Jan. 19th, 2015 12:36 am
abrynne: (save me)
Being in a situation like mine, it becomes more and more difficult to keep oneself occupied. Finding any kind of purpose or task is hard. It usually has to be physical, cleaning the bathroom, doing laundry, working on a puzzle. When I am too tired for anything like that or I can't think of anything else, I usually end up lying on my bed and watching TV.

Moving a TV into my room was a good idea. But then again it probably wasn't either.

I watched Julie and Julia today. I don't know why I like that movie. Well, yes I do. I know why I like it. In spite of the grating character Amy Adam's plays in that, I am drawn to the story about two women who were determined to finish something, and when they finally did it paid off in spades. Not only that but they found/fed their passions in doing that something.

I also have a soft spot for stories about writers getting their break. Whenever I see Jo March in Little Women open that package at the end of the movie, or Julia Child open that envelope from the publishing company, I always get a thrill for them.

When I saw that scene in Julie & Julia today, it got me thinking about how I've just been drifting here for the past nine months. This is the longest I've gone without a job since I was eighteen. This is the longest I've gone without writing anything substantial for many years also. At first, I felt like I lost it. I lost my motivation, whatever that was, to write. And not only that, I lost my creativity - whatever it was that allowed me to write in the first place.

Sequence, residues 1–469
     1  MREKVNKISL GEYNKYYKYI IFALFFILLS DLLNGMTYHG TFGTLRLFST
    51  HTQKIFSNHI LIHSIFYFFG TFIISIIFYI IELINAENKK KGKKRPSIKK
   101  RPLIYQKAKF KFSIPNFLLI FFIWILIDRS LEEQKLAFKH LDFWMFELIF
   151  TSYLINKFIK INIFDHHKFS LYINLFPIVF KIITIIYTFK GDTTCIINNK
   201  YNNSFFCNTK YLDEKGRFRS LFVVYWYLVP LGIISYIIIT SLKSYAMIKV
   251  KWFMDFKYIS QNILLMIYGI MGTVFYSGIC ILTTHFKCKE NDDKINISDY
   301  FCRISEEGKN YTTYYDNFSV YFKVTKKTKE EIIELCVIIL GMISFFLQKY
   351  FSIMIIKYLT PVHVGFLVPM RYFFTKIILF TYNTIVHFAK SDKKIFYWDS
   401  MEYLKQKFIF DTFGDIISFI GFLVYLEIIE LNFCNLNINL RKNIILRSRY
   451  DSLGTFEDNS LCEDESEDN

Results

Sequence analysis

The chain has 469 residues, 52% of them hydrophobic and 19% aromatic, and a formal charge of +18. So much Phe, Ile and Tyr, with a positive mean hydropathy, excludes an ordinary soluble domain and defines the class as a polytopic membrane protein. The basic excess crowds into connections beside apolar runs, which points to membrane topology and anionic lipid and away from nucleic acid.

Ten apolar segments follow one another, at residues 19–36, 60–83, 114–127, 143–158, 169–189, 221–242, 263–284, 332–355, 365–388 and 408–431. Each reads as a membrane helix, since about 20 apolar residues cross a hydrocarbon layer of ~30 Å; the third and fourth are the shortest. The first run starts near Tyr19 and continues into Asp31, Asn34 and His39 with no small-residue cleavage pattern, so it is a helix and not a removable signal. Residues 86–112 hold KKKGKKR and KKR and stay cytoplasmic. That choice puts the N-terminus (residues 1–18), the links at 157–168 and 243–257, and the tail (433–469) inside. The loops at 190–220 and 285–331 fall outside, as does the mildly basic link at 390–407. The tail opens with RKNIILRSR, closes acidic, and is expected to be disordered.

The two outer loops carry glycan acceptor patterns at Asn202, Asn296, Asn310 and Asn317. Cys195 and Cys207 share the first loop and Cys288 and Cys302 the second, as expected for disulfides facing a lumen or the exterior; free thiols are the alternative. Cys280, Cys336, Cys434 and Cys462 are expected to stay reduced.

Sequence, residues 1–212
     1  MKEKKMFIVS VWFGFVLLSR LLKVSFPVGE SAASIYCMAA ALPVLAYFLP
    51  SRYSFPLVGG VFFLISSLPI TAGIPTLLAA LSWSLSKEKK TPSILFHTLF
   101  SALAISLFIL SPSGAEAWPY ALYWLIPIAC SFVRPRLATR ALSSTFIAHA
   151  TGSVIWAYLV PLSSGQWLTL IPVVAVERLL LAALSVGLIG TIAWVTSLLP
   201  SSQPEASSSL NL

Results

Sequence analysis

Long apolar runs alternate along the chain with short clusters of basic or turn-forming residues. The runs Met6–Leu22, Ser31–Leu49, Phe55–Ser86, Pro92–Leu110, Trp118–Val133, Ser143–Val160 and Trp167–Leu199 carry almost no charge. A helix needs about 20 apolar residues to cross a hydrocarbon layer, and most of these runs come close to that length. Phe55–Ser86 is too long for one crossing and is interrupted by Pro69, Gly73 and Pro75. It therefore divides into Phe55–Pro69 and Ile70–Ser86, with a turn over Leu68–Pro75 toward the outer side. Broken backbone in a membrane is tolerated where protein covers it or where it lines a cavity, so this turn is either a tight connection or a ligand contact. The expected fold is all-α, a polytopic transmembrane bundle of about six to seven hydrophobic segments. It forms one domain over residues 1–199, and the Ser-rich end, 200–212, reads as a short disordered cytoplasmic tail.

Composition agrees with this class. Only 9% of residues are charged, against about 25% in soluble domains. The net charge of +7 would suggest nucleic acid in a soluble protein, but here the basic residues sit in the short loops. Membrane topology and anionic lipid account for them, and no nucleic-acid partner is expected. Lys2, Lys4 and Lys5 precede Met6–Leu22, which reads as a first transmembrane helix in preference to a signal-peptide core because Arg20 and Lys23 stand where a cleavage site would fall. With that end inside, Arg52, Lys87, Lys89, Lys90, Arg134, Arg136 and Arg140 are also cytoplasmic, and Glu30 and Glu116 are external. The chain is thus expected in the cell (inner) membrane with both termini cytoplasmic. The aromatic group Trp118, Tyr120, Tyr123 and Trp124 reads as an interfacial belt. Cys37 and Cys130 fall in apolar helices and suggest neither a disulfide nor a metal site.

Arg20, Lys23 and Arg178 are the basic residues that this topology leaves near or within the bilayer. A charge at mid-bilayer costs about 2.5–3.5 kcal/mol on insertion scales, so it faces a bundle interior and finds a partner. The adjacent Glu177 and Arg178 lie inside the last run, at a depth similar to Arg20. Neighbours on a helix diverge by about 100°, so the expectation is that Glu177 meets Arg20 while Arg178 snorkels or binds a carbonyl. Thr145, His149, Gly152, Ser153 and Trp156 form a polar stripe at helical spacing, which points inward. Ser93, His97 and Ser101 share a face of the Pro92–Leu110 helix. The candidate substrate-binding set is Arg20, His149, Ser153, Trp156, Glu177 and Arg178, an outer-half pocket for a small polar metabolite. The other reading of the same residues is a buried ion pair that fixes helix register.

Watching that movie today made me want to be able to write again. But I'm afraid that I can't. At least not how I used to. So, then I asked myself, why do I want to be a writer? Why?

So I can be the next J.K. Rowling and make a gazillion dollars off of my children's stories?
No. One of the first rules I learned when I got into this was that you don't go into writing for the money. The odds of anything like that happening to me are astronomical. If I can ever make enough for me to live on that would be miraculous in itself.

Why, then?

Because it is far too interesting inside my brain to keep it all to myself? Possibly. Writing does help me express that.

There is a high I always get when I'm first writing a new story down whether it's by hand or otherwise. It is a thrill like nothing else. I haven't experienced that in a long time. I still probably won't for a while because of how tired I always am.

But I think today I learned that at least the desire, the motivation is still there inside me somewhere. Hopefully I'll be able to act on it again.


Sep. 11th, 2014 08:24 am
abrynne: (Default)
Things kept falling and making big bangy noises, waking me up. Curse you, bottle of TUMS!

Since I'm awake let me describe my current situation:

Right now I am sitting up in bed. It's still semi-dark in my bedroom. I've been up since about seven and decided to open up Harold (laptop) after dilly-dallying around on my phone in Candy Crush, waiting for the next set of levels to open up. I have just finished answering some messages on FB and decided to make this entry because I am literally stuck in here for at least another hour.

I would like to go to the bathroom, but unfortunately I am connected to my cycler. The cycler is a machine that I hook up to every night and basically does my dialysis for me. It has a pump that puts fluid in and out of my body at certain intervals throughout the night. That's probably the simplest explanation for it.

In the spirit of naming all of my devices and appliances I have named my particular cycler Legolas because it is essential for my survival yet constantly states the obvious.